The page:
Mme. de Serizy was one of those women who claim to exercise a sort of sway over fashions and society in Paris; she issued her decrees, saw them received in her own circle, and it seemed to her that all the world obeyed them. She aspired to epigram, she set up for an authority in matters of taste. Literature, politics, men and women, all alike were submitted to her censorship, and the lady herself appeared to defy the censorship of others. Her house was in every respect a model of good taste.
Julie triumphed over the Countess in her own salon, filled as it was with beautiful women and women of fashion. Julie’s liveliness and sparkling wit gathered all the most distinguished men in the rooms about her. Her costume was faultless, for the despair of the women, who one and all envied her the fashion of her dress, and attributed the moulded outline of her bodice to the genius of some unknown dressmaker, for women would rather believe in miracles worked by the science of chiffons than in the grace and perfection of the form beneath.
When Julie went to the piano to sing Desdemona’s song, the men in the rooms flocked about her to hear the celebrated voice so long mute, and there was a deep silence. The Marquise saw the heads clustered thickly in the doorways, saw all eyes turned upon her, and a sharp thrill of excitement quivered through her. She looked for her husband, gave him a coquettish side-glance, and it pleased her to see that his vanity was gratified to no small degree. In the joy of triumph she sang the first part of Al piu salice. Her audience was enraptured. Never had Malibran nor Pasta sung with expression and intonation so perfect. But at the beginning of the second part she glanced over the glistening groups and saw — Arthur. He never took his eyes from her face. A quick shudder thrilled through her, and her voice faltered. Up hurried Mme. de Serizy from her place.
“What is it, dear? Oh! poor little thing! she is in such weak health; I was so afraid when I saw her begin a piece so far beyond her strength.”
The song was interrupted. Julie was vexed. She had not courage to sing any longer, and submitted to her rival’s treacherous sympathy. There was a whisper among the women. The incident led to discussions; they guessed that the struggle had begun between the Marquise and Mme. de Serizy, and their tongues did not spare the latter.
Julie’s strange, perturbing presentiments were suddenly realized. Through her preoccupation with Arthur she had loved to imagine that with that gentle, refined face he must remain faithful to his first love. There were times when she felt proud that this ideal, pure, and passionate young love should have been hers; the passion of the young lover whose thoughts are all for her to whom he dedicates every moment of his life, who blushes as a woman blushes, thinks as a woman might think, forgetting ambition, fame, and fortune in devotion to his love, — she need never fear a rival. All these things she had fondly and idly dreamed of Arthur; now all at once it seemed to her that her dream had come true. In the young Englishman’s half-feminine face she read the same deep thoughts, the same pensive melancholy, the same passive acquiescence in a painful lot, and an endurance like her own. She saw herself in him. Trouble and sadness are the most eloquent of love’s interpreters, and response is marvelously swift between two suffering creatures, for in them the powers of intuition and of assimilation of facts and ideas are well-nigh unerring and perfect. So with the violence of the shock the Marquise’s eyes were opened to the whole extent of the future danger. She was only too glad to find a pretext for her nervousness in her chronic ill-health, and willingly submitted to be overwhelmed by Mme. de Serizy’s insidious compassion.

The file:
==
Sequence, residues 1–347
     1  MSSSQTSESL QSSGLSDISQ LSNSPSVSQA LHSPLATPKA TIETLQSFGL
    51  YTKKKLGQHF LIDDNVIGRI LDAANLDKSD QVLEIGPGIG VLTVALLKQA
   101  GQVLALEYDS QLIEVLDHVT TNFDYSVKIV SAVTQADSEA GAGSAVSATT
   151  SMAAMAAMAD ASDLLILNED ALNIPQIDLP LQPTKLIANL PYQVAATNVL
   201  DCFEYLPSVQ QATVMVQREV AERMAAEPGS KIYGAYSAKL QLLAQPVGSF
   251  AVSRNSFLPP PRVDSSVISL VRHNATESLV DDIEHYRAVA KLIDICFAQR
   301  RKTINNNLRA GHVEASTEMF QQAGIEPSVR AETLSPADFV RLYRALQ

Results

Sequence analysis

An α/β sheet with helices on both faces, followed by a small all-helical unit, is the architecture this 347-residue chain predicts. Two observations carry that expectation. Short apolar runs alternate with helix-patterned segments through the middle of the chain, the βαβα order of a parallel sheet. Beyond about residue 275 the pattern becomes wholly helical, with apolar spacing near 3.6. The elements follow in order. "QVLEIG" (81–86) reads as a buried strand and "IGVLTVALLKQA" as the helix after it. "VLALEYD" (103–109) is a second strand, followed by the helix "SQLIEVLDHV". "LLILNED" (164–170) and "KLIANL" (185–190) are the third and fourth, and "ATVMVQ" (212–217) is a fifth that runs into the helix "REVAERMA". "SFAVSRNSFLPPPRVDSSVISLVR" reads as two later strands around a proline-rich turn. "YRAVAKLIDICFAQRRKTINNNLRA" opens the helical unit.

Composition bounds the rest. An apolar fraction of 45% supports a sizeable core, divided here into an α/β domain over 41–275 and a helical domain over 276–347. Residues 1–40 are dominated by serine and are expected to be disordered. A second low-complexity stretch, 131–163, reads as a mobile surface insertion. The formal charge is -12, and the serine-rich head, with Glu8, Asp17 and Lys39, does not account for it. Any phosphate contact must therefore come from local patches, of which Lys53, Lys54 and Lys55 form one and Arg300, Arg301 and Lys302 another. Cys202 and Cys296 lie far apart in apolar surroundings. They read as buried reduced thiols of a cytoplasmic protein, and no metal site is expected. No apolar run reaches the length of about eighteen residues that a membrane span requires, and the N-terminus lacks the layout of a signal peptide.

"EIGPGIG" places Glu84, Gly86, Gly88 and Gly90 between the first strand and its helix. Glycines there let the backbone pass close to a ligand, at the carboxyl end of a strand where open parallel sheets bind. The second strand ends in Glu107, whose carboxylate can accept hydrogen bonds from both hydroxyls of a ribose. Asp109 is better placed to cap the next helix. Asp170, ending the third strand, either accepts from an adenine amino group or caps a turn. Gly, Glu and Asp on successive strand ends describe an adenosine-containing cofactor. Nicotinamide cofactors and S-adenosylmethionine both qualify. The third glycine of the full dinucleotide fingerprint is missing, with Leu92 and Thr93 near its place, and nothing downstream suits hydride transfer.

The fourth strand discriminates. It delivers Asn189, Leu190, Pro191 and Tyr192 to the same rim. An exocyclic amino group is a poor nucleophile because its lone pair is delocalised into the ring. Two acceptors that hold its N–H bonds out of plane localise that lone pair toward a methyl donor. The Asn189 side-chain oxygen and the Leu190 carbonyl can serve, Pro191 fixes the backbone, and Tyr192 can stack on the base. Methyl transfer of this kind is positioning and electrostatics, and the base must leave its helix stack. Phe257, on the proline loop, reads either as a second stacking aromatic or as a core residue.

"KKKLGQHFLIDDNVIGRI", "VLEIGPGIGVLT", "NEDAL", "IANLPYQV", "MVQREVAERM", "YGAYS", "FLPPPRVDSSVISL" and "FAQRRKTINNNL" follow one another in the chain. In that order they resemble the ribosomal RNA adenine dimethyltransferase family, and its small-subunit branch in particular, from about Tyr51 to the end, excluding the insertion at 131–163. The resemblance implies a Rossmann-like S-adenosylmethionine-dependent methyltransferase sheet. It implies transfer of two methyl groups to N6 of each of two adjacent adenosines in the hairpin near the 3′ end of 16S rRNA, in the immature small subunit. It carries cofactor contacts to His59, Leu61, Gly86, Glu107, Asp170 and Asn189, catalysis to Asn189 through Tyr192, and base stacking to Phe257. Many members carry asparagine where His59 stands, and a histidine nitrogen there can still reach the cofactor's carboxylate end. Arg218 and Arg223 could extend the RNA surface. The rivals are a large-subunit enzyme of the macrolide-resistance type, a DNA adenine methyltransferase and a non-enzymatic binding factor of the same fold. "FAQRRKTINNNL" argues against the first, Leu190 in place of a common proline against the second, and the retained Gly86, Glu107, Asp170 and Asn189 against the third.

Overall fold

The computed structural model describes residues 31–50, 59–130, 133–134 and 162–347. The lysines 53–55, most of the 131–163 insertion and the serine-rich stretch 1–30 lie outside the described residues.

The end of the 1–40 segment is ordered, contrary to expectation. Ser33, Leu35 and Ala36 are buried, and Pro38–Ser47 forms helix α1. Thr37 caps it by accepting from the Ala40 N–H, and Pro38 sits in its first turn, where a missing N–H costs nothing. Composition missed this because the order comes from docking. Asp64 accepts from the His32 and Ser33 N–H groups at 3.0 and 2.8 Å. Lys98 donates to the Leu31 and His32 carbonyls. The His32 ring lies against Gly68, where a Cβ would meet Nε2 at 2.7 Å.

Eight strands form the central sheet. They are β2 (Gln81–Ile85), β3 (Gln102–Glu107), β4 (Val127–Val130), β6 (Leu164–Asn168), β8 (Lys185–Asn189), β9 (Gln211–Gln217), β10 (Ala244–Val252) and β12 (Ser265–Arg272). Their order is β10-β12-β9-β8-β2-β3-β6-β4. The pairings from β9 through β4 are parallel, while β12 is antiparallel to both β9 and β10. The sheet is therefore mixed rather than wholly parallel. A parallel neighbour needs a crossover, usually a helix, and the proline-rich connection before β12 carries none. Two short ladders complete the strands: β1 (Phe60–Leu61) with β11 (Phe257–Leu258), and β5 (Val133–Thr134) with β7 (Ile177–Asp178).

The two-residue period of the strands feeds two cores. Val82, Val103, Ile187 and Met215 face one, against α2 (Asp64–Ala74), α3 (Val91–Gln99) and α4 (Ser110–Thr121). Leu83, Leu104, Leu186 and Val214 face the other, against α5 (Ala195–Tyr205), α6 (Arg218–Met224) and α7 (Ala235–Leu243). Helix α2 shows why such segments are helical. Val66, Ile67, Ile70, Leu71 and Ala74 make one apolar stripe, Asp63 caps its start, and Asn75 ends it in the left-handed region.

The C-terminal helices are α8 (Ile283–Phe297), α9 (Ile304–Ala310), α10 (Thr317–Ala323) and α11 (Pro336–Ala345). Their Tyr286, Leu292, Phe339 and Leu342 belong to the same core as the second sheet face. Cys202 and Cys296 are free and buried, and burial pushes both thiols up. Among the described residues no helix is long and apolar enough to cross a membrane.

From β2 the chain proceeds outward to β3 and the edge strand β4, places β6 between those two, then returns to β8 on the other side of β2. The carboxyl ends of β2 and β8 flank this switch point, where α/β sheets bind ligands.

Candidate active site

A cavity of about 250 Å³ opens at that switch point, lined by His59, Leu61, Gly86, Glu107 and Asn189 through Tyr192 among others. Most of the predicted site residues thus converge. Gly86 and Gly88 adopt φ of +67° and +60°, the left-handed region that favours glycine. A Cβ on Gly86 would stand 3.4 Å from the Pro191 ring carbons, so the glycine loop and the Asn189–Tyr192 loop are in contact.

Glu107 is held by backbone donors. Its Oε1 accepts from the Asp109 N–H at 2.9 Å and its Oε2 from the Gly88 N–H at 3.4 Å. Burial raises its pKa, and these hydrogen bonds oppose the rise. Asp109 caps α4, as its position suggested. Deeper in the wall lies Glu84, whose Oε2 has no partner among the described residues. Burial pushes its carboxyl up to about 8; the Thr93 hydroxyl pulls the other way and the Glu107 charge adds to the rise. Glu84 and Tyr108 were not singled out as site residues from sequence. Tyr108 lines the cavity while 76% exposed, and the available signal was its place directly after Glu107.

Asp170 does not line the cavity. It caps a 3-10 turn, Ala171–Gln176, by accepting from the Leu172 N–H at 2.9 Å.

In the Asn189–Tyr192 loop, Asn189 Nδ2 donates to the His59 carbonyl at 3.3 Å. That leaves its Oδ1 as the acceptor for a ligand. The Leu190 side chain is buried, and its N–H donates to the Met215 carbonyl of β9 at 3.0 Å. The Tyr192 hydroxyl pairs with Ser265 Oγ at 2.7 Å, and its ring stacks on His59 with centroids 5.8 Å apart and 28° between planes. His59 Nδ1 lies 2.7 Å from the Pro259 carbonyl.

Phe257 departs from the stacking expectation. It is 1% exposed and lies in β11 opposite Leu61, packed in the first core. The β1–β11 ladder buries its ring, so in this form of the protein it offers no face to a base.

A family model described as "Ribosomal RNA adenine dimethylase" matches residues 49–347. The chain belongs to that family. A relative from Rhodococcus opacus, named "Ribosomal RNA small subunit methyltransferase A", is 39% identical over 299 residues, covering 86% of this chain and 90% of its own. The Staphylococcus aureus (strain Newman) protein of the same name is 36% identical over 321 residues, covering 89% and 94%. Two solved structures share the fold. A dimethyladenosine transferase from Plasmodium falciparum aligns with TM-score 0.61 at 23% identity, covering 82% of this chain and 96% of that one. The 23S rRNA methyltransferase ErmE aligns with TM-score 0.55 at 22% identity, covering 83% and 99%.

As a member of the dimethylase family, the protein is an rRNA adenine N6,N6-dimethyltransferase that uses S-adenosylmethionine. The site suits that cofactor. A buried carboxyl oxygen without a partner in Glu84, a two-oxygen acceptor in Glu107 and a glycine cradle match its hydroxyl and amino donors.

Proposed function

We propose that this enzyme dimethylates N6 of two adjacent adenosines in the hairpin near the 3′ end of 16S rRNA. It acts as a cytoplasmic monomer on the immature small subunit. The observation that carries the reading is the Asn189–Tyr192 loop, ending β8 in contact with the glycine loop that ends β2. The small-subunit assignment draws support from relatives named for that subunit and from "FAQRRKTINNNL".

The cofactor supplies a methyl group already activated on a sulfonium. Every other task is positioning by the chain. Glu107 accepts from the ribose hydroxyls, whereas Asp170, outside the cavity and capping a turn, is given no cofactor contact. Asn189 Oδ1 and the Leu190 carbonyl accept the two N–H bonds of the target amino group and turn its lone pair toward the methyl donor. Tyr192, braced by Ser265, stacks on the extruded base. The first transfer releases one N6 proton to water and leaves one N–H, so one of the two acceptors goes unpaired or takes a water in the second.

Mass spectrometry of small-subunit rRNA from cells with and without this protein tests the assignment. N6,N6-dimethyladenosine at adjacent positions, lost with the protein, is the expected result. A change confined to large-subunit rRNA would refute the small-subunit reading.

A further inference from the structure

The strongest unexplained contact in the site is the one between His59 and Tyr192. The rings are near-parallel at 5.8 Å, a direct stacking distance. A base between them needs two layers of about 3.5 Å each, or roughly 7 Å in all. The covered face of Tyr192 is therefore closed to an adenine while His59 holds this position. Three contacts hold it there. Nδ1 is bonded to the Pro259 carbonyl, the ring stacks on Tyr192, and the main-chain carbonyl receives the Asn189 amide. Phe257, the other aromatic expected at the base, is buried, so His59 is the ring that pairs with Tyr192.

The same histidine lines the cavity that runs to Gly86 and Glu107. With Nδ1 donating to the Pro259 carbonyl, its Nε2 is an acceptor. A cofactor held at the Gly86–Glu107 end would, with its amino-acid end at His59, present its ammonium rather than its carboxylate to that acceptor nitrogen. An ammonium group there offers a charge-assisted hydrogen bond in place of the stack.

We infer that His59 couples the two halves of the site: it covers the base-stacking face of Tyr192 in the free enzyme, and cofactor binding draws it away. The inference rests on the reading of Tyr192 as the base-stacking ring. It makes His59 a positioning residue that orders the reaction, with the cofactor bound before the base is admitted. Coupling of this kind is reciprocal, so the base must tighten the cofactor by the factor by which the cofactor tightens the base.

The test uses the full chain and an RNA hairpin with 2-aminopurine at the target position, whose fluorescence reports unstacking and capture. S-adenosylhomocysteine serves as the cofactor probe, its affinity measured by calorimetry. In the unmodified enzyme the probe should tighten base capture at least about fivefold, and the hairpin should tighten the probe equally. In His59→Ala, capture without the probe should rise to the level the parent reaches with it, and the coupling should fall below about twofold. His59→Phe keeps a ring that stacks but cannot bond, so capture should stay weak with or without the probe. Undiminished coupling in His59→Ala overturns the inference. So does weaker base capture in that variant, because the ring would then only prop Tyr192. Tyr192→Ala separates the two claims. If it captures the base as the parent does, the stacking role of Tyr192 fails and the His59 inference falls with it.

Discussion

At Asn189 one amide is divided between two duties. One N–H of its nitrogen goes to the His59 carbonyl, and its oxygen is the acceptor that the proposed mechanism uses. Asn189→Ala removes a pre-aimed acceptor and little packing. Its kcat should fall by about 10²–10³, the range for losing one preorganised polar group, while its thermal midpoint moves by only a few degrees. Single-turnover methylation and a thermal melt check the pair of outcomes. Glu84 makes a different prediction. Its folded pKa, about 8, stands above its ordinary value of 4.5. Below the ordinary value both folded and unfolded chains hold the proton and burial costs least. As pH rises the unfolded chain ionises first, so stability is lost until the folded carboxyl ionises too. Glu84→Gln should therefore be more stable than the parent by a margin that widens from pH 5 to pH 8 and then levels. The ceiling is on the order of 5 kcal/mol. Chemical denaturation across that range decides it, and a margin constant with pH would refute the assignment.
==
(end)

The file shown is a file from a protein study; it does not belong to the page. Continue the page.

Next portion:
That incident of the song caused talk and discussion which differed with the various groups. Some pitied Julie’s fate, and regretted that such a remarkable woman was lost to society; others fell to wondering what the cause of her ill-health and seclusion could be.